Introduction The advantages of neoadjuvant therapy (NAT) in oesophago-gastric (OG) cancer have been proven in randomised trials. Benefits are modest and likely to be restricted to patients who respond well to therapy. The risks may outweigh benefits in earlier stages of disease. This study explores the risks associated with NAT, analyses which patients benefit and investigates whether there is a need for a change in NAT treatment strategy.
Method All patients planned for surgical resection of OG cancer in this unit between 01/2010 and 12/2014 were identified.
Part a) patients were divided according to pre-operative stage. Within each stage, survival was compared in patients undergoing NAT and those undergoing surgery alone. Similar comparisons were made with the NAT group further divided into histological responders and non-responders.
Part b) from the cohort, patients undergoing NAT were identified. Adverse effects (AE) were recorded and graded according to the Common Terminology Criteria for Adverse Events v3.0. The relationships between the presence of AE and a range of variables were investigated along with survival.
Survival analyses were undertaken by plotting Kaplan-Meier curves. Groups were compared using the Log Rank (Mantel-Cox) test.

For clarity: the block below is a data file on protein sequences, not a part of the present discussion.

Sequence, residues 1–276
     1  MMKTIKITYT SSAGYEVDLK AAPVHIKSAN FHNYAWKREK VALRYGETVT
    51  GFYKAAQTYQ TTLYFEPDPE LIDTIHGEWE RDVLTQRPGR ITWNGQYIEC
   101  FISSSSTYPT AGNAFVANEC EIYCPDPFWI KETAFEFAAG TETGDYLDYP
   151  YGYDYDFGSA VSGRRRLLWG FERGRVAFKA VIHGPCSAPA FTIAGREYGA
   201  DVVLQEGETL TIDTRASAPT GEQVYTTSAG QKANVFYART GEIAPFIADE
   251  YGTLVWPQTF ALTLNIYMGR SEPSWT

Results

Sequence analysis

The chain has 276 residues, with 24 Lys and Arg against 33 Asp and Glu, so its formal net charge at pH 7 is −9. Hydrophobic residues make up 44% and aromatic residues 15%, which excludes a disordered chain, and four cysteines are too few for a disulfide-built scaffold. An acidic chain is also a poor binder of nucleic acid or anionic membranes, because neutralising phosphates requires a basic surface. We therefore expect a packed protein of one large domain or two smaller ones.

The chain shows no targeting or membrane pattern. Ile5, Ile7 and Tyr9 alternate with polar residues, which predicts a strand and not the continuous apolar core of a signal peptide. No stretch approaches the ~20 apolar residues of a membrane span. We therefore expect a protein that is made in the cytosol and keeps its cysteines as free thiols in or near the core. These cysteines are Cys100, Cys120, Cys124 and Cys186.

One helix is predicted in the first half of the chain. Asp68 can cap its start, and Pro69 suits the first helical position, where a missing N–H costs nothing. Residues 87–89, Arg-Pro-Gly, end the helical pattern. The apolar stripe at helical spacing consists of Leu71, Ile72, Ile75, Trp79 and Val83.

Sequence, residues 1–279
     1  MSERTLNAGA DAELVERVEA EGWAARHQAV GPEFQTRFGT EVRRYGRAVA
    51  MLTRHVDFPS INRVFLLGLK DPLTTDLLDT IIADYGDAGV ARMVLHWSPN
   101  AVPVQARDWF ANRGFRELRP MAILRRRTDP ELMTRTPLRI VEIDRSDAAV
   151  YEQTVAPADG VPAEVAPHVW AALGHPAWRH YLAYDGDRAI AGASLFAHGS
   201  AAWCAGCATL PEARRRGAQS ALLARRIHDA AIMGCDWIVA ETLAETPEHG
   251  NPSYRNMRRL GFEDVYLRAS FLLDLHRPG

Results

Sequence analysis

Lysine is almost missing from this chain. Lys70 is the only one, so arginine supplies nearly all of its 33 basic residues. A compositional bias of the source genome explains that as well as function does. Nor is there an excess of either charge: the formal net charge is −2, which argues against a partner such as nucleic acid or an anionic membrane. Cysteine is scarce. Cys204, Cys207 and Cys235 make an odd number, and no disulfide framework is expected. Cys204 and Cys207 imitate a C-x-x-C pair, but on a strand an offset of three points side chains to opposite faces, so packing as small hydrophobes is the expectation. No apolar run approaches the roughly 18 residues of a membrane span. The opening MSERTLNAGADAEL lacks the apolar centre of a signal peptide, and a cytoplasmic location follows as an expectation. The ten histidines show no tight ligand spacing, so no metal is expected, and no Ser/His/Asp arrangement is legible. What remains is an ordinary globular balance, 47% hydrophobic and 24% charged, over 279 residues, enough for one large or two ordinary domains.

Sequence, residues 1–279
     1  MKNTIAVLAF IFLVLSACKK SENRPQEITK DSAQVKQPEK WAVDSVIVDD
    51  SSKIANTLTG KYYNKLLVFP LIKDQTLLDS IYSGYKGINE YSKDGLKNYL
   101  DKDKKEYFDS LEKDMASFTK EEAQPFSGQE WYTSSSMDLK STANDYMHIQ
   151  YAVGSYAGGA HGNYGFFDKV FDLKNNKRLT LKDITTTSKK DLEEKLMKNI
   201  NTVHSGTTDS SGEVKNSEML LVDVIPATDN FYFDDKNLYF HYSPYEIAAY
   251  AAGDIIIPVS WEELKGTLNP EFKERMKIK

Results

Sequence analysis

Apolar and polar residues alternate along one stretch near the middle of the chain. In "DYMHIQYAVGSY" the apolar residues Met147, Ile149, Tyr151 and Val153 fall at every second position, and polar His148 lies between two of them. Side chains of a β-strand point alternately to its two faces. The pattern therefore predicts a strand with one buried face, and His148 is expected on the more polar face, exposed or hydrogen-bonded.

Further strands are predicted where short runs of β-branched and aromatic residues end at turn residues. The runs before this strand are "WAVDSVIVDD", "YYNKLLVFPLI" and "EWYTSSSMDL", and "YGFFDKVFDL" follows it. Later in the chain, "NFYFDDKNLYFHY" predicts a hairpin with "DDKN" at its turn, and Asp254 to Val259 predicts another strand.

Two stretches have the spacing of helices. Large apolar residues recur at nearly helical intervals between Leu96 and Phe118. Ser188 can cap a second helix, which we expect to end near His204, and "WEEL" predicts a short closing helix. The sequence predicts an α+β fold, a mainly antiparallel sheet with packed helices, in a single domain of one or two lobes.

Results 587 patients were identified from the database.
Part a) only stage III patients had improved survival with NAT vs. surgery alone (P = 0.02). Those in stage II with a histological response to treatment showed a trend towards better survival vs. surgery alone (P = 0.058). In all patients above the threshold for offering NAT (≥stage II), survival was no different in non-responders vs. those having surgery alone. Age and performance status were lower in the NAT group vs. the surgery only group and were both associated inversely with survival. This could mean NAT effects are overestimated and true survival in non-responders to NAT may be poorer than in patients having surgery alone.
Part b) 376 patients received NAT and 88 (23.4%) suffered AE. 69% of these were severe, life-threatening or fatal. NAT course completion rate was lower in patients suffering AE vs. those not (P = 0.003). 20.5% patients with AE did not proceed to resection vs. 6.4% without AE (P = 0.001). Survival was better in patients without AE vs. with AE (P = 0.02) and was better in those undergoing resection (P < 0.001) but was no different in patients completing the course vs. not completing (P = 0.861).
Conclusion Efficacy of NAT is dependent on cancer stage and histological response to NAT. AE are common, often severe and associated with a reduced resection rate and survival. Identifying a means of predicting response to NAT is of great importance and should be used to guide treatment alongside/instead of disease stage.
Disclosure of interest None Declared.